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Cleveland rocks Yanks

Indian bats unload on N.Y. to grab hold of early series lead

Cleveland's Victor Martinez, left, celebrates with Ryan Garko after they both scored on Kenny Lofton's two-out first inning single.
Cleveland's Victor Martinez, left, celebrates with Ryan Garko after they both scored on Kenny Lofton's two-out first inning single.
Ken Blaze, Associated Press

CLEVELAND — Rocked right off the bat, the Cleveland Indians quickly found their October swing.

C.C. Sabathia settled down after giving up a debated homer on his fifth pitch and the Indians returned to the postseason after a six-year absence by thumping the New York Yankees 12-3 in their AL playoff opener.

Alex Rodriguez, you ask? Well, A-Rod never got a chance to repair his tarnished postseason image. Sabathia and three Cleveland relievers simply took the All-Star third baseman's powerful bat out of his hands.

The Indians' inexperience at this time of year was never a factor.

Cleveland's kids were all right.

"They just went out there and played the game," Kenny Lofton said.

Playoff newcomer Victor Martinez hit a two-run homer, rookie Asdrubal Cabrera had a solo shot off Chien-Ming Wang, and Travis Hafner and Ryan Garko homered as the Indians went toe-to-toe with the Bronx Bombers and knocked them flat.

Lofton, one of the few Cleveland players who knows his way around baseball's biggest month, had four RBIs and Casey Blake added two as the Indians, energized by a towel-waving crowd that became accustomed to playoff baseball in the 1990s, roared with every run, every hit and every Yankee out.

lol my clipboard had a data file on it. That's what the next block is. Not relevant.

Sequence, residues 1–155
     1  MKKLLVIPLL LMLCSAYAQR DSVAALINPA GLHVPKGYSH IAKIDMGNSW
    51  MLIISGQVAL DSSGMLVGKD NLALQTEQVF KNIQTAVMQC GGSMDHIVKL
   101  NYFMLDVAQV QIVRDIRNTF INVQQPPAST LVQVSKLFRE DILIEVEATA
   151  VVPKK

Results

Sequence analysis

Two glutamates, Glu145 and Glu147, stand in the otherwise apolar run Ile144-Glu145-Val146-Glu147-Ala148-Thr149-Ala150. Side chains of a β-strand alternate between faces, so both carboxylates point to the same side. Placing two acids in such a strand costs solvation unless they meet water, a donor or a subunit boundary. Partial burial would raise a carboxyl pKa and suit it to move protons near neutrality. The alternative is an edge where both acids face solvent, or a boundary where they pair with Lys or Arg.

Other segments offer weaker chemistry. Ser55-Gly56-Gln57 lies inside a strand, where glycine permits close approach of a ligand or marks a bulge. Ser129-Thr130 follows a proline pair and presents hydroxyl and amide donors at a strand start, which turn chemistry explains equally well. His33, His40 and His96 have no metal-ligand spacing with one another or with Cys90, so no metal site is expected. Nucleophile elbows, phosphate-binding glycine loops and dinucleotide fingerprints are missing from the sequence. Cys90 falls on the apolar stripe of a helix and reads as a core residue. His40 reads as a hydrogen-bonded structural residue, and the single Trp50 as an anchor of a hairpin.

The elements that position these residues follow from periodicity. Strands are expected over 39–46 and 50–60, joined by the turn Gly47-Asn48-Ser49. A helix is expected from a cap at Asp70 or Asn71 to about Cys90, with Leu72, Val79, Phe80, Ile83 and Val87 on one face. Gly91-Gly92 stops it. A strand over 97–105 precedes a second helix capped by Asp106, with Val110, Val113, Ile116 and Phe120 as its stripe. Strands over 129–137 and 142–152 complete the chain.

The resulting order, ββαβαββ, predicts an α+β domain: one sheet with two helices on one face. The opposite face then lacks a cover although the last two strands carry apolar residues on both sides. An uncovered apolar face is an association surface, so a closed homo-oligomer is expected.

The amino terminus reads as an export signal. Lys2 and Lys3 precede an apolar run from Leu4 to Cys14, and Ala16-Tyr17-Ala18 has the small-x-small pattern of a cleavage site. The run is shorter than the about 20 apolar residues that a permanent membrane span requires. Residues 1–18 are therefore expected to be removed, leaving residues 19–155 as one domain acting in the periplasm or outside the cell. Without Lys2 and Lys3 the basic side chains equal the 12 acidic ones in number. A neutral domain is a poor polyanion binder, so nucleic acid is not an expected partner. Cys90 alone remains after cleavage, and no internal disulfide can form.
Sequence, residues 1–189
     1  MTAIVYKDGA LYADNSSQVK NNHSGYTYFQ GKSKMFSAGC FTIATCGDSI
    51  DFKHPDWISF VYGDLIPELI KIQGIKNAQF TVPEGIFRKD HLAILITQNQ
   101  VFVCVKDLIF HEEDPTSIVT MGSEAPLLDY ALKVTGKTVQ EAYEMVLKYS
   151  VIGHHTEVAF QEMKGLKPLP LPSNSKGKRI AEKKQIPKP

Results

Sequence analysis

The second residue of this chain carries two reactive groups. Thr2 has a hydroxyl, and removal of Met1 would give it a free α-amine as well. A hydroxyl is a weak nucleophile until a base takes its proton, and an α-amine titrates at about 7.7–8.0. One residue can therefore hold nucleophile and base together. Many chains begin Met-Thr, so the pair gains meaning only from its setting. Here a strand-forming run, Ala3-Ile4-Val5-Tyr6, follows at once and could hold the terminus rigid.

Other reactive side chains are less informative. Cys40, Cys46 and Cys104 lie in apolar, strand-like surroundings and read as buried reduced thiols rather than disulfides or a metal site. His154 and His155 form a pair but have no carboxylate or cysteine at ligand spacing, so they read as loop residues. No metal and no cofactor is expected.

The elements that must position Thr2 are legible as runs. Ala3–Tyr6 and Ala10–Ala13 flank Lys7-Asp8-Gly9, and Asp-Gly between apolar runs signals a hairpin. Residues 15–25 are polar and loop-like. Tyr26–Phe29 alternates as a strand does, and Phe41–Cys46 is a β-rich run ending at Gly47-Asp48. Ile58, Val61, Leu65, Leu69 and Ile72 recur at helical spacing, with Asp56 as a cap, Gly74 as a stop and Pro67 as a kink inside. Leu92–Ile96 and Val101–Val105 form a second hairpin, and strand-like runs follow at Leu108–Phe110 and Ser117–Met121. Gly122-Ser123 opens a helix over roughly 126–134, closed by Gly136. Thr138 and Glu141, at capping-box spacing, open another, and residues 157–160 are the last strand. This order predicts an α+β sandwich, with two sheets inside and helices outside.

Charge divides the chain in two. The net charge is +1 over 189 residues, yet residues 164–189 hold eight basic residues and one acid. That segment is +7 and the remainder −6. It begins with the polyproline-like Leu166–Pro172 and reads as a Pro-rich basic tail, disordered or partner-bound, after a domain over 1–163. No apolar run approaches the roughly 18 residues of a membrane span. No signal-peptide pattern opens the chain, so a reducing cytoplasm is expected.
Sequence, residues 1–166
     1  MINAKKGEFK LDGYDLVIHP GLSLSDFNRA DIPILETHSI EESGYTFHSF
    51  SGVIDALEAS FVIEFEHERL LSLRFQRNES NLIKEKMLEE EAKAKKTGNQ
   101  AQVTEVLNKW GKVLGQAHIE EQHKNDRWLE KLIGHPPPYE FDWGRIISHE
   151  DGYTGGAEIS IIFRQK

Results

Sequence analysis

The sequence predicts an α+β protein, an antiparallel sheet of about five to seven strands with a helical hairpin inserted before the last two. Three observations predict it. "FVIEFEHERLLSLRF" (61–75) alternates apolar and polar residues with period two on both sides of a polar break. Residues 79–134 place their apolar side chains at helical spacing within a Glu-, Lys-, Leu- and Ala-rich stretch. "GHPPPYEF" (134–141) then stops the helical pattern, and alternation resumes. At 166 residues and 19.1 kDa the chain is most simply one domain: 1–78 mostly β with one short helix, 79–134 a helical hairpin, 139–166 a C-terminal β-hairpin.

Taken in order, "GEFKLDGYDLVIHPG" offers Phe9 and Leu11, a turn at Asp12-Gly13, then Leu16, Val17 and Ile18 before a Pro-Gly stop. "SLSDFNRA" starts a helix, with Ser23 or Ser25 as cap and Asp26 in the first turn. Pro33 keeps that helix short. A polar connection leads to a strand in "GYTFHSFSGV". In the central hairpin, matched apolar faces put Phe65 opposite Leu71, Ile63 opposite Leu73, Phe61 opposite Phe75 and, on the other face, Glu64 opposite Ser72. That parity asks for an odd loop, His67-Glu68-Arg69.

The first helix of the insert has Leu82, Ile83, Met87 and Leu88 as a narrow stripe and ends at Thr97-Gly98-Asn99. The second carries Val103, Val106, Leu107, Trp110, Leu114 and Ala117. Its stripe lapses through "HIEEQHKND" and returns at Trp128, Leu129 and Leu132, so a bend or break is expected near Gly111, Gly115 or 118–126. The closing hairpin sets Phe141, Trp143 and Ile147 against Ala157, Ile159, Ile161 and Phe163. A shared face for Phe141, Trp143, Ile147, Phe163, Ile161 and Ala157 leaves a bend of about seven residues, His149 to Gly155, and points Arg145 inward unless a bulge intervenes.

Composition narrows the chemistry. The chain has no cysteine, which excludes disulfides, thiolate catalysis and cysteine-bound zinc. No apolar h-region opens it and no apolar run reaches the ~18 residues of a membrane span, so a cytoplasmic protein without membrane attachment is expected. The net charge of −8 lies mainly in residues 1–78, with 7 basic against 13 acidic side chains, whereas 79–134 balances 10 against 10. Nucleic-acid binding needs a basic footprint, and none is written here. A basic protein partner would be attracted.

A few of them even turned on Cleveland Cavaliers superstar LeBron James, a devoted New York fan who boldly came to Jacobs Field wearing a Yankees cap. Early on, fans sitting near James behind home plate chanted "Take off the cap," in his direction, and by the sixth inning, he had done just that.

When Hafner's homer off Ross Ohlendorf gave the Indians a 10-3 lead, James turned to his entourage and ordered an exit.

The Yankees, 6-0 against the Indians during the regular season, went nearly as fast. Down 4-3 in the fifth, they only got a meaningless, two-out single in the ninth after Cleveland broke away.

It was the first time New York lost by more than eight runs in the postseason since an 11-1 first-round defeat against Oakland in 2000.

On Friday, the Yankees will turn to veteran Andy Pettitte. Fausto Carmona, Cleveland's other 19-game winner, will oppose him.

"Let's just get over it and lick our wounds and then we'll figure it out," Yankees manager Joe Torre said.

Indians manager Eric Wedge, another playoff first-timer, was prepared to ride Sabathia as long as needed. If that meant 120 or 130 pitches, Wedge was willing to let his left-hander push his limit.

Wedge never could have imagined that would come after five innings.

Not only did Sabathia, who came in 1-7 with a 7.13 ERA in his career against New York, have to deal with New York's awesome lineup, but plate umpire Bruce Froemming's strike zone was paper thin for the left-hander, who battled through 114 pitches, allowing three runs and four hits in five innings.